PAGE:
In my opinion, this shift missed the original brilliance of the Prime Material. The Prime Material is, quite literally, everything you could ever imagine. It is all worlds. Ever. It is your friend, Bob's, OD&D Monty Haul campaign. It is the d20 modern world. It is the 4e Gamma World. It is the homebrew Rakshasa world. It is Star Frontiers, but with Kender instead of Sathar. It is our planet, right now, as well as both versions of Battlestar Galactica. It is Warlocks in Battletechs fighting amongst a thousand dying suns, and a comedic Flintstone setting. As weird as a singular Planescape might be, nothing can be as weird as ... everything.

All the campaign settings that have been printed, or can be printed, or can even be imagined, are already within the Prime Material.

So, in a certain sense, there is never a need to worry about how something "fits into" the D&D multiverse.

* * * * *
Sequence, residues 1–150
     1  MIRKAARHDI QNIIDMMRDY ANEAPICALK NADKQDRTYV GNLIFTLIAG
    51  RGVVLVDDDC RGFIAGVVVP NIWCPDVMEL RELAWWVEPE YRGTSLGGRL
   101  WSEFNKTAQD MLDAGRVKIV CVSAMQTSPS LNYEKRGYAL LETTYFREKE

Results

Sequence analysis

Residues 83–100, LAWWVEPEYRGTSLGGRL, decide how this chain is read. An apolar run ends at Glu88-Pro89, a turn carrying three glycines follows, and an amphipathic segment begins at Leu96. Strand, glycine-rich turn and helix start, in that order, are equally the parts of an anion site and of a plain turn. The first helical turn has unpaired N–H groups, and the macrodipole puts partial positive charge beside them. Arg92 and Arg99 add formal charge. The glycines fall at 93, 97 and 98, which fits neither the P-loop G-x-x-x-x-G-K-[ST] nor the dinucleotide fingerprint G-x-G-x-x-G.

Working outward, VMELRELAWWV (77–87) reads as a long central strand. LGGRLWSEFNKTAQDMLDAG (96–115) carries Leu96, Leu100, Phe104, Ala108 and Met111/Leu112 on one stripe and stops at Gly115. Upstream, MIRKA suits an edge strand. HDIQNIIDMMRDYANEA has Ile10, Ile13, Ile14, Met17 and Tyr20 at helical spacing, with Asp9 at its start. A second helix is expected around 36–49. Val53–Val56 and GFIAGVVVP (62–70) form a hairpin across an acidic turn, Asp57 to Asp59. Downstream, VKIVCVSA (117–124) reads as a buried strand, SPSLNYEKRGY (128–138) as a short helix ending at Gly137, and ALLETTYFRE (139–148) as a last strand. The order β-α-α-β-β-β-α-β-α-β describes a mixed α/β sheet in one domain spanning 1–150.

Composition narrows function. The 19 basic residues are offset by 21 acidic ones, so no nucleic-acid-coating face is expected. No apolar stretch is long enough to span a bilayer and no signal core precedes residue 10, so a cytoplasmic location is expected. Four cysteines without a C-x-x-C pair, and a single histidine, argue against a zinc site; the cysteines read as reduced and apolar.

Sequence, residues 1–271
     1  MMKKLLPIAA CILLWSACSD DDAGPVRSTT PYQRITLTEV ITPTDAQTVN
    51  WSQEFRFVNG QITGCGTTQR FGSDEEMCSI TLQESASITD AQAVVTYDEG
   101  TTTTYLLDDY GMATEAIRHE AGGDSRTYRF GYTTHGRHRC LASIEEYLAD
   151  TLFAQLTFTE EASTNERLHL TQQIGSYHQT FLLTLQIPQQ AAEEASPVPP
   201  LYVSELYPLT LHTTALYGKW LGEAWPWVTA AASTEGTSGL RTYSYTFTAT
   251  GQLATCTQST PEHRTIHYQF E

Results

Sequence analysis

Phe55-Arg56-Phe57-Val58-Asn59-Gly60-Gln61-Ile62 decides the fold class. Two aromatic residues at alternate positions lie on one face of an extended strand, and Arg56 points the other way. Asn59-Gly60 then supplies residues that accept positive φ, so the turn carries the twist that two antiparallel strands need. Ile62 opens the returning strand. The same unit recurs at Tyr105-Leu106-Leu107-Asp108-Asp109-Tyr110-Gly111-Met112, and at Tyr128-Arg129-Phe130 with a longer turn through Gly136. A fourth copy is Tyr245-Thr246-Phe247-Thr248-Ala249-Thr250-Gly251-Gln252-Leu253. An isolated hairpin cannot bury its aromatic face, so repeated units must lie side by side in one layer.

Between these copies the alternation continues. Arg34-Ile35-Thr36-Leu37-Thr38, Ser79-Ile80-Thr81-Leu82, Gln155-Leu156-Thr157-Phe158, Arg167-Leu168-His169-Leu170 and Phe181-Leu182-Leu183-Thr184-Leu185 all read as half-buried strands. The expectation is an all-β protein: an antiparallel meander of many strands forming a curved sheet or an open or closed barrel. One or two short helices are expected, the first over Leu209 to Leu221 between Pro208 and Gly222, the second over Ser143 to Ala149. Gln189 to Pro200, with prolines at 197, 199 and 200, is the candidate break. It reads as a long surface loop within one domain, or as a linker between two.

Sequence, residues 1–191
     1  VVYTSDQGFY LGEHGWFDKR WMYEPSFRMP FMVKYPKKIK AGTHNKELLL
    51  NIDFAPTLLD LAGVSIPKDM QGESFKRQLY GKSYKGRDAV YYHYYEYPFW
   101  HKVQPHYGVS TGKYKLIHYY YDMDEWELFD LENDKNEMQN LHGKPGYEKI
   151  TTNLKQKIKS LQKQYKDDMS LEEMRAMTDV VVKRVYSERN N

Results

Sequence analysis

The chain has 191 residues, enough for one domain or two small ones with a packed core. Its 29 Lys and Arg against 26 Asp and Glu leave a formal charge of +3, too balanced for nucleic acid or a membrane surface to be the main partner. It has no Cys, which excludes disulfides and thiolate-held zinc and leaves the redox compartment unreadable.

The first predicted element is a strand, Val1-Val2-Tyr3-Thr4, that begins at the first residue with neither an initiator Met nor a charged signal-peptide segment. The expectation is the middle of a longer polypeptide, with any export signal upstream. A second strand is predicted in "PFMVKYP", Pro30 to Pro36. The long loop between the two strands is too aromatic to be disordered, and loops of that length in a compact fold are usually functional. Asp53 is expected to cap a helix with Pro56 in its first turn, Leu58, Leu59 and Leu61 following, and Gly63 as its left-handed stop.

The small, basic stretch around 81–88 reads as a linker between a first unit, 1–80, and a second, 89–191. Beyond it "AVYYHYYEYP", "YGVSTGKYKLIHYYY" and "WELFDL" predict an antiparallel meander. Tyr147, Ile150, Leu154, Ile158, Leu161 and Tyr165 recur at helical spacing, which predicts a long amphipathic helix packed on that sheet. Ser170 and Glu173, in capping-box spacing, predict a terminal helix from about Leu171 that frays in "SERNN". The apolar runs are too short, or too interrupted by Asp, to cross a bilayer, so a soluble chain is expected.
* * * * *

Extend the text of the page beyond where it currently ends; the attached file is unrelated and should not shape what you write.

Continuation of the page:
Because everything is already in the D&D multiverse and always has been. And a focus on this, on the sheer weirdness and variety of the D&D multiverse, allows for D&D to stay weird. In the next post I write, I will discuss, a little more, about the foundational weirdness of D&D and why we should want to continue that with 5e.

Note- I borrowed portions of this from a prior post I wrote so that I can a followup post about D&D essential weirdness. Hope you enjoy!

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Aspiring Lurker (He/Him)
Just a quick check- any interest in expanding this to Part 2 (why to bring this to 5e, and why it may not be needed)?
I'd be interested, though I have no opinion on whether it'd get more discussion. Possibly the "why it may not be needed" part will be a conversation seed.